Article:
>> Sep 30, 2012
The Omnivores Dilemma: A Natural History of Four Meals, by Michael pollen, took me a record two years to complete. It's not that it wasn't a good book (in fact it was rated one of the 10 best books of the year by the New York Times book review) or that I didn't enjoy reading it, but it contains such heavy content that I was rarely in the mood to pick it up when I climbed into bed at night.
The omnivores dilemma is a must read for foodies, chefs, dietitians, health professionals, and health enthusiasts. Actually, I think every person should read at least portions of this book to better understand their food, and more importantly, our food system. Too many people, most of us in fact, are too disconnected from where our food comes from. Few people will ever go to the lengths that Michael pollen does in this book to understand where their food comes from, and the impact that our food system has on each other and the planet. I read this book plan to review it on this blog, and began to fold down the corners of the pages that provided interesting thoughts and new ways of thinking to comment on later. As I look at the book beside me now, it's as though an entire corner of the first half is missing. To try to list all of the note worthy points in this book would be futile. The phrase "you don't know what you don't know" comes to mind.
Carnivores can relax, and vegetarians be warned, this book is not an attack on meat eaters, nor is it advocating for vegetarianism, although certainly some people may find themselves with an aversion to meat after reading this book, at least temporarily. As Pollan himself explains:
Many people today seem perfectly content eating at the end of an industrial food chain, without a thought in the world; this book is probably not for them. There are things in it that will ruin their appetites. But in the end this is a book about the pleasures of eating, the kinds of pleasure that are only deepened by knowing.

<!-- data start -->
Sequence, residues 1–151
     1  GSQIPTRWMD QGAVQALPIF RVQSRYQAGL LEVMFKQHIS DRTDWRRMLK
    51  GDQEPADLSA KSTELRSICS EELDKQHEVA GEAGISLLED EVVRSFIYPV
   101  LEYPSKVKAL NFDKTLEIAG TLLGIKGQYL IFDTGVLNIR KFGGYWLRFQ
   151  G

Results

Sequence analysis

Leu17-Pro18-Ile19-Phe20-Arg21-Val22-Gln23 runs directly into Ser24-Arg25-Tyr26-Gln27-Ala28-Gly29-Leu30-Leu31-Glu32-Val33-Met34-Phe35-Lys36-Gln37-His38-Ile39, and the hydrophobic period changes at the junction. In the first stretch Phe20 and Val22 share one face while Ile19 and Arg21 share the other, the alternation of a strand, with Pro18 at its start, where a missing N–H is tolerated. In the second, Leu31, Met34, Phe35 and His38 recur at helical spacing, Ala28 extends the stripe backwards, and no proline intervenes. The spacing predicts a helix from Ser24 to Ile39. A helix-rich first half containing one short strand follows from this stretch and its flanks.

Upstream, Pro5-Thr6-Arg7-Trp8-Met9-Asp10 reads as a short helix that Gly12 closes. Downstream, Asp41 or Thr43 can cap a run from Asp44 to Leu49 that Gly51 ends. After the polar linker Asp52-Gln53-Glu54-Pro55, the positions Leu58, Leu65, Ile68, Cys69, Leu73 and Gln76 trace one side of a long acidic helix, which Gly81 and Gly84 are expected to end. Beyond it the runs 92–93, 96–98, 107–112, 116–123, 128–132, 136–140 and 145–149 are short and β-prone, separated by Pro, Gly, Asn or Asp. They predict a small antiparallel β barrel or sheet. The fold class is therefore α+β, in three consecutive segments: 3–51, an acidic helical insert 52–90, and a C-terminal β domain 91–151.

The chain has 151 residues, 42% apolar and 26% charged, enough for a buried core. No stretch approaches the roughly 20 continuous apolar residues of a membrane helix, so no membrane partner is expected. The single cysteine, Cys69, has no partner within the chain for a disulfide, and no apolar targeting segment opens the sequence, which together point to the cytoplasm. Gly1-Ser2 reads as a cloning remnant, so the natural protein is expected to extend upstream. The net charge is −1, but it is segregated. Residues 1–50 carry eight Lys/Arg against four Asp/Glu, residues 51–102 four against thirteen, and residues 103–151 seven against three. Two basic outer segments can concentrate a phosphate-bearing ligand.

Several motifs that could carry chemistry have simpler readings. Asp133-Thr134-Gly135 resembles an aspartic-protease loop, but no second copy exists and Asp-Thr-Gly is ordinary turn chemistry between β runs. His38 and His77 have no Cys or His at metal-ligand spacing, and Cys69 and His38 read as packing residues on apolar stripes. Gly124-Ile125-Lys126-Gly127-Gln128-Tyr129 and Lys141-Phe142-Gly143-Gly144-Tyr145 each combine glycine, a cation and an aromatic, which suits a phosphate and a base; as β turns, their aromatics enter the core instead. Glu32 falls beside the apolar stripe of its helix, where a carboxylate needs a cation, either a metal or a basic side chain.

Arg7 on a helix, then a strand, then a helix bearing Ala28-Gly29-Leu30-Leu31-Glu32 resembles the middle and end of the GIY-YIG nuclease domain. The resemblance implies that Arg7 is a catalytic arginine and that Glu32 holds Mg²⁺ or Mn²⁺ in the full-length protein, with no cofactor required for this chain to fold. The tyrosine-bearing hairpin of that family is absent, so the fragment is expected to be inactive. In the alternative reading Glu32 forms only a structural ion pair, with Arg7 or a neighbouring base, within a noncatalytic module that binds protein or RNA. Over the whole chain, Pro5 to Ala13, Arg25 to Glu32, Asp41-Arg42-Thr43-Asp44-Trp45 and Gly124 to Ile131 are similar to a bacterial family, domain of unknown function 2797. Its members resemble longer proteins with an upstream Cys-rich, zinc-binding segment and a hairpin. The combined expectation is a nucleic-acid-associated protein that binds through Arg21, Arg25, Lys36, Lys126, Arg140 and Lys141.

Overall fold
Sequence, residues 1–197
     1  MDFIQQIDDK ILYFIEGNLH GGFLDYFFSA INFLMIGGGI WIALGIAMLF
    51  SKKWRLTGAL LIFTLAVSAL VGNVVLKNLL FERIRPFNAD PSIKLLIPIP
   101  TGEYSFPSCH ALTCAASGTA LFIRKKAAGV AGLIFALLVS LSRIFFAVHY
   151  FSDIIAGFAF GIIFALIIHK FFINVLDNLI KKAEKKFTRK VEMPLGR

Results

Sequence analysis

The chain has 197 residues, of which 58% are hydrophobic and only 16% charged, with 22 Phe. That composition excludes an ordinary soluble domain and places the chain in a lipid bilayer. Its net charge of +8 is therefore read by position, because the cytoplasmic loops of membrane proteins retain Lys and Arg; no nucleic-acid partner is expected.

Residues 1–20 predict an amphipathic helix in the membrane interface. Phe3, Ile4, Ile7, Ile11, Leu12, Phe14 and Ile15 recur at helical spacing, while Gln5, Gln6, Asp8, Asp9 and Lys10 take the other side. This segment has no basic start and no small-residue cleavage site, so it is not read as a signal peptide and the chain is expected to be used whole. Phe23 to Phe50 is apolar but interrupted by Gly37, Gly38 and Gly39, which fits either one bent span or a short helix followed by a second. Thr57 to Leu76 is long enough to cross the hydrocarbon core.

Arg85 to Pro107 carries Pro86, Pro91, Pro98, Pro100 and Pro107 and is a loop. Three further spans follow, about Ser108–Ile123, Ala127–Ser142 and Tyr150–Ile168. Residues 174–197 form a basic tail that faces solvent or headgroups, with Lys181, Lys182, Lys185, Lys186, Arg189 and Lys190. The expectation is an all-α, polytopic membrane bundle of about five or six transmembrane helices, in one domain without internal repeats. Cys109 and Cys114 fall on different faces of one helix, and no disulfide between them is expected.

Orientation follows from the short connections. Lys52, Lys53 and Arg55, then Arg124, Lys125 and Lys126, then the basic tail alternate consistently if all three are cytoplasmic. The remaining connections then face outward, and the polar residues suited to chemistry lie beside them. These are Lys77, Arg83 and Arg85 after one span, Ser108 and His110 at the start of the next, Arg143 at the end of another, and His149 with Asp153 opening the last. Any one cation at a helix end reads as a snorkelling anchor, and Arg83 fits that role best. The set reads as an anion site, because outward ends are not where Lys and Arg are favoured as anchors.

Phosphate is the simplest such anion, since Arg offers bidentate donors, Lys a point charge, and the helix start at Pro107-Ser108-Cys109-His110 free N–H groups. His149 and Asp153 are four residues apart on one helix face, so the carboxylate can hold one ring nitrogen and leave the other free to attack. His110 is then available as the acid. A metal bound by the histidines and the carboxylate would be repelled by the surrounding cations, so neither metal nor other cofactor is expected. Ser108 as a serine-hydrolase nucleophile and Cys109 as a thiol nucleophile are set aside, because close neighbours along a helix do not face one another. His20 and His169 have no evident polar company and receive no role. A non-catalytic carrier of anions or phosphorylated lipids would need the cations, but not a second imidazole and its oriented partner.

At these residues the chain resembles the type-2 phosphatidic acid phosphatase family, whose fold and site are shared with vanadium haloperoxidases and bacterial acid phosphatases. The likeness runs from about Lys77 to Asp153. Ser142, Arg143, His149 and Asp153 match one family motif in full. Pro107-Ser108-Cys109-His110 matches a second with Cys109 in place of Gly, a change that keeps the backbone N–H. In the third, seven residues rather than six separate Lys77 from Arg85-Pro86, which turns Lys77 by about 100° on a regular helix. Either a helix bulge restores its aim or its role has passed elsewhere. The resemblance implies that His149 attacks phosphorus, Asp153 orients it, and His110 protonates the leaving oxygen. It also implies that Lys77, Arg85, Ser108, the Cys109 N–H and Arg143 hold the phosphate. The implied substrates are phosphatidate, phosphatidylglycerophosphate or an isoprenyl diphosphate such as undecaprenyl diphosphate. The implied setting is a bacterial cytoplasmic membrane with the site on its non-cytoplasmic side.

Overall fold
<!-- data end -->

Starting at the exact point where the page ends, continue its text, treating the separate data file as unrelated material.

In his efforts to explore our food system, Pollan takes part in conventional and organic farming, hunting, and foraging. With a better understanding of our food system, it now seems odd to me that we attach the same generic descriptor - food - to the results of such different production methods. Certainly, production and processing methods should factor into what we consider healthful food. Yet it does not.
Pollan does a good job of arguing all sides of the story, from vegan to hunter, farmer to shopper, while sharing his personal emotions and thoughts throughout his journey. This book helps make the act of eating, a more mindful one. And perhaps, if you use the information in this book, a more enjoyable one.
Although this book contains valuable information and insights, unfortunately, much of it was too dry even for the biggest of foodies like myself. I managed to get through it, but I wouldn't blame anyone if they skipped portions of the book. Yet I would still encourage anyone to pick up this book and work their way through it. You will be the wiser shopper and eater for it.